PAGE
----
Counting gerbera buds with deep learning

May 3, 2019

By applying deep learning to camera images of gerberas, it is possible to make a harvest prognosis. This is the conclusion of the research in the PPS Smart Greenhouse Horticulture, where a 'gerbera scout' is being developed: a mobile platform with cameras that run alongside the crop. The study was commissioned by the Club of 100 by the Greenhouse Horticulture Business Unit at Wageningen University & Research.

Within the 'Smart Greenhouse Horticulture' project, WUR is working on detection systems for diseases, pests and harvest forecasts. The Gerberas Scout is a good example: it rides on the pipe rail system in a greenhouse and makes images of the crop with different cameras. Based on input from gerbera growers, the scout is tested for harvest prediction and for the detection of mildew and whitefly.

Deep learning

For the harvest forecast, an RGB camera takes pictures from the top of the crop. Image recognition is needed to calculate how many buds and flowers of more than 2 centimeters are present. 'Normal' image recognition does not recognize all the buds and flowers (around 85%). That is why deep learning has been implemented. The computer now learns to recognize a bud based on shapes and colors. The detection based on deep learning detects more than 95% of the total number of buds and flowers.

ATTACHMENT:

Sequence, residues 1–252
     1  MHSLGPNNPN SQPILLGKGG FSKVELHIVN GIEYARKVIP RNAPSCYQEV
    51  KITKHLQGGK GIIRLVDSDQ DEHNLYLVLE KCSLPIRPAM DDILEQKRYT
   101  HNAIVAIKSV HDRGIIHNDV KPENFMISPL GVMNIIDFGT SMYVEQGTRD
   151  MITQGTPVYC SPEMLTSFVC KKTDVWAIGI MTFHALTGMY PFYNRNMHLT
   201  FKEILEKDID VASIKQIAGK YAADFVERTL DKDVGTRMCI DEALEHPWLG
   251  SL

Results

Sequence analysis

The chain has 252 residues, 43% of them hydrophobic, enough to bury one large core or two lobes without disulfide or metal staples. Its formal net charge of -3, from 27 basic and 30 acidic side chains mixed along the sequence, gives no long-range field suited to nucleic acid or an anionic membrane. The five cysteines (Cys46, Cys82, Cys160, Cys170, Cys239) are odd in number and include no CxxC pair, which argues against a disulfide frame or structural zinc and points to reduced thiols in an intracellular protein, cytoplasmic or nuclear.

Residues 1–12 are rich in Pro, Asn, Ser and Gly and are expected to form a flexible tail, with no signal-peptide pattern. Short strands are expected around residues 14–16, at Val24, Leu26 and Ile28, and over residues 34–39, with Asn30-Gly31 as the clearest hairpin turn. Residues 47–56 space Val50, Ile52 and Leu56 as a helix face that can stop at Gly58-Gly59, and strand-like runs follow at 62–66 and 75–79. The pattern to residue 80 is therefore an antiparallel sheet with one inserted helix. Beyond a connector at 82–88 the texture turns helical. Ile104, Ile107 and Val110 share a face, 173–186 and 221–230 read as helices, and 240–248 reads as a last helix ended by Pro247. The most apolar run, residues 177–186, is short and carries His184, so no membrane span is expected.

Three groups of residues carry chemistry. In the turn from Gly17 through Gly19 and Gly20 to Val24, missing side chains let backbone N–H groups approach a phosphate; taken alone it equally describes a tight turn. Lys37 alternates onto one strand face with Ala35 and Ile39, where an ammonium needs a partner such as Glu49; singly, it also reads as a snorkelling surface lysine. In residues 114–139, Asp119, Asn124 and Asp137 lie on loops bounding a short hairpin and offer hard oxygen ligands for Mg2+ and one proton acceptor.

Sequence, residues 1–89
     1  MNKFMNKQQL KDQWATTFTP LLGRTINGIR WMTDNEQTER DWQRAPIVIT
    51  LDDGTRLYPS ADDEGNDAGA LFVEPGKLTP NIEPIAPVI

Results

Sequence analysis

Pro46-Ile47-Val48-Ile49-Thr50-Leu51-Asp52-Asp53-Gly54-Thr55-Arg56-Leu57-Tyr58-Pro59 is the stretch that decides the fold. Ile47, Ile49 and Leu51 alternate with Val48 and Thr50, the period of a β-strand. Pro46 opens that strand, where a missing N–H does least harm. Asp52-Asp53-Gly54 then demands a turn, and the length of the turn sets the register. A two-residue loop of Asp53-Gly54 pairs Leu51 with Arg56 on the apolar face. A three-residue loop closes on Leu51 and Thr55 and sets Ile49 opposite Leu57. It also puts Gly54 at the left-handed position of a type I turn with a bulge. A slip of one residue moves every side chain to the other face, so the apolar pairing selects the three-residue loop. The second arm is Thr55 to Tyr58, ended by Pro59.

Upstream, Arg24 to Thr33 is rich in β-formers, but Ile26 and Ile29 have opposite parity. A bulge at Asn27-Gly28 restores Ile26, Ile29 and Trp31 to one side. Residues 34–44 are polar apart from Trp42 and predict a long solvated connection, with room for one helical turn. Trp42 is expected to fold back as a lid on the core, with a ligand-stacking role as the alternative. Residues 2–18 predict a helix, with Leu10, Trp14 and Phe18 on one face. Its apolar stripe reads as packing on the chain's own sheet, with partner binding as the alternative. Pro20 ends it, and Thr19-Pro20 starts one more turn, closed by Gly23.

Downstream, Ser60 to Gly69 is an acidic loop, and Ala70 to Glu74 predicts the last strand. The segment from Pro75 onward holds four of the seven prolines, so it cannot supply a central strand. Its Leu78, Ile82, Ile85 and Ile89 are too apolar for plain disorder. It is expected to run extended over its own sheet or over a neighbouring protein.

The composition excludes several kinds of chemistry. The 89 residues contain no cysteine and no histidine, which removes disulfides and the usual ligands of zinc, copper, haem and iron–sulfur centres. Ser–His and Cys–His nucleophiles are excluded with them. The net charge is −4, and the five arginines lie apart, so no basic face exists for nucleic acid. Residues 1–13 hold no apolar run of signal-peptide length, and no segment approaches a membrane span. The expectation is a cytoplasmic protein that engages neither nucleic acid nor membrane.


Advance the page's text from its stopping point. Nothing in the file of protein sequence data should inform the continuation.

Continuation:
Hyperspectral camera

The Gerbera Scout is not yet a good weapon in the fight against the white fly - a pest that often occurs in the gerbera. As soon as a camera detects the white fly, the damage has already been done: the infection is already too far advanced.

The RGB cameras only measure three colors: red, green and blue. That is too little to recognize mildew. A hyperspectral camera divides light into smaller snacks than just three colors, and has a larger spectral range. With the hyperspectral camera, the Gerberas Scout can easily recognize mildew, but the scout still gives a false warning relatively often. Work is therefore being done on refining the system to make detection more robust.

This project is funded by Club of 100 and the Ministry of LNV.